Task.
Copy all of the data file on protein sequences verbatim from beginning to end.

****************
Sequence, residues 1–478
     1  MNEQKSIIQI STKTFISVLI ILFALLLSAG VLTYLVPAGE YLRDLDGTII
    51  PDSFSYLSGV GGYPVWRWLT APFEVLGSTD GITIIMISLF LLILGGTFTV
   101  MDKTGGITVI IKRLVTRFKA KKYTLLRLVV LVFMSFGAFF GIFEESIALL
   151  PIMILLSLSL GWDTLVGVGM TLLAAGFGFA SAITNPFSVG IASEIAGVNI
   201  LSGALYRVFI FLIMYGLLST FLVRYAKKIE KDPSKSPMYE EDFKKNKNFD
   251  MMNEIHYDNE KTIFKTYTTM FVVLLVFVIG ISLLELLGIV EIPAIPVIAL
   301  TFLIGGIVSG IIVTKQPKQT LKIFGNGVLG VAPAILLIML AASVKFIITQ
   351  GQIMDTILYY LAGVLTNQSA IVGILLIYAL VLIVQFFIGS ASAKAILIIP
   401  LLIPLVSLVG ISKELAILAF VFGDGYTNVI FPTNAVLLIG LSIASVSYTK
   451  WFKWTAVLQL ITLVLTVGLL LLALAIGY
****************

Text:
Sequence, residues 1–478
     1  MNEQKSIIQI STKTFISVLI ILFALLLSAG VLTYLVPAGE YLRDLDGTII
    51  PDSFSYLSGV GGYPVWRWLT APFEVLGSTD GITIIMISLF LLILGGTFTV
   101  MDKTGGITVI IKRLVTRFKA KKYTLLRLVV LVFMSFGAFF GIFEESIALL
   151  PIMILLSLSL GWDTLVGVGM TLLAAGFGFA SAITNPFSVG IASEIAGVNI
   201  LSGALYRVFI FLIMYGLLST FLVRYAKKIE KDPSKSPMYE EDFKKNKNFD
   251  MMNEIHYDNE KTIFKTYTTM FVVLLVFVIG ISLLELLGIV EIPAIPVIAL
   301  TFLIGGIVSG IIVTKQPKQT LKIFGNGVLG VAPAILLIML AASVKFIITQ
   351  GQIMDTILYY LAGVLTNQSA IVGILLIYAL VLIVQFFIGS ASAKAILIIP
   401  LLIPLVSLVG ISKELAILAF VFGDGYTNVI FPTNAVLLIG LSIASVSYTK
   451  WFKWTAVLQL ITLVLTVGLL LLALAIGY